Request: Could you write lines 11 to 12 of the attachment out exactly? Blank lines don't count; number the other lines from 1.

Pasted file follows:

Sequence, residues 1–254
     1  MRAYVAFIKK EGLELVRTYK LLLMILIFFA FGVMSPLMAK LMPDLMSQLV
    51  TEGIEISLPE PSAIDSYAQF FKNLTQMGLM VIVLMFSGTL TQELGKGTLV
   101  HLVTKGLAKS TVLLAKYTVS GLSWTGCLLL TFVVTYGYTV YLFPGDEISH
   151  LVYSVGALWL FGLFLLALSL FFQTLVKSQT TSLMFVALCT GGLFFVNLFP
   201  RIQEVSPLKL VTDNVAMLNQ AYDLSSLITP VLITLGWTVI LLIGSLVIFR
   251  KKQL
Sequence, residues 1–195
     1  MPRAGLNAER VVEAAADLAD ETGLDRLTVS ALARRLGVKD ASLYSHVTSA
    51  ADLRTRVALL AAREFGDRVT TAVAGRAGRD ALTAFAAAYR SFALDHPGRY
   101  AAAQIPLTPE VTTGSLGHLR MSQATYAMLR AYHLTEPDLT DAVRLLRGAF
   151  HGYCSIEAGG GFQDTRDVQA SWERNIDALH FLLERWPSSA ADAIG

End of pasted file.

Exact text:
   101  AAAQIPLTPE VTTGSLGHLR MSQATYAMLR AYHLTEPDLT DAVRLLRGAF
   151  HGYCSIEAGG GFQDTRDVQA SWERNIDALH FLLERWPSSA ADAIG